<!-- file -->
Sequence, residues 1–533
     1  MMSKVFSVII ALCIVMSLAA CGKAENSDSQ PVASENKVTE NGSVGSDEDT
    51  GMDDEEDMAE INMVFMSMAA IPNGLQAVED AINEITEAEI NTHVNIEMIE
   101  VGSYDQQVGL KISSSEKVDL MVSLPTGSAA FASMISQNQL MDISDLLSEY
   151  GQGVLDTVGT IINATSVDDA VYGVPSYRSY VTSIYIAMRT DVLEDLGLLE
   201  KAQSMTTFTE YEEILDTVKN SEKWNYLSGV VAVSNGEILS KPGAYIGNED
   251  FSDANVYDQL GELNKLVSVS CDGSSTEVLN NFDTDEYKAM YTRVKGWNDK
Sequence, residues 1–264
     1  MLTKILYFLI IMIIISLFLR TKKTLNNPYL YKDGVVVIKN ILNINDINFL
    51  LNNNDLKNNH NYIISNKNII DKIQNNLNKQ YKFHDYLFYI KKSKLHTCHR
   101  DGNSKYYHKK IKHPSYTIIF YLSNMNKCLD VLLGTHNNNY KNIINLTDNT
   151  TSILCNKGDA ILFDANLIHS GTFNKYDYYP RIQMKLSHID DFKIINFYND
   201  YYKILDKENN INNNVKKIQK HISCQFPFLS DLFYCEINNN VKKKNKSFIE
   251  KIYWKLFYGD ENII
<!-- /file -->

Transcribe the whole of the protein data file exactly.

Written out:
Sequence, residues 1–533
     1  MMSKVFSVII ALCIVMSLAA CGKAENSDSQ PVASENKVTE NGSVGSDEDT
    51  GMDDEEDMAE INMVFMSMAA IPNGLQAVED AINEITEAEI NTHVNIEMIE
   101  VGSYDQQVGL KISSSEKVDL MVSLPTGSAA FASMISQNQL MDISDLLSEY
   151  GQGVLDTVGT IINATSVDDA VYGVPSYRSY VTSIYIAMRT DVLEDLGLLE
   201  KAQSMTTFTE YEEILDTVKN SEKWNYLSGV VAVSNGEILS KPGAYIGNED
   251  FSDANVYDQL GELNKLVSVS CDGSSTEVLN NFDTDEYKAM YTRVKGWNDK
Sequence, residues 1–264
     1  MLTKILYFLI IMIIISLFLR TKKTLNNPYL YKDGVVVIKN ILNINDINFL
    51  LNNNDLKNNH NYIISNKNII DKIQNNLNKQ YKFHDYLFYI KKSKLHTCHR
   101  DGNSKYYHKK IKHPSYTIIF YLSNMNKCLD VLLGTHNNNY KNIINLTDNT
   151  TSILCNKGDA ILFDANLIHS GTFNKYDYYP RIQMKLSHID DFKIINFYND
   201  YYKILDKENN INNNVKKIQK HISCQFPFLS DLFYCEINNN VKKKNKSFIE
   251  KIYWKLFYGD ENII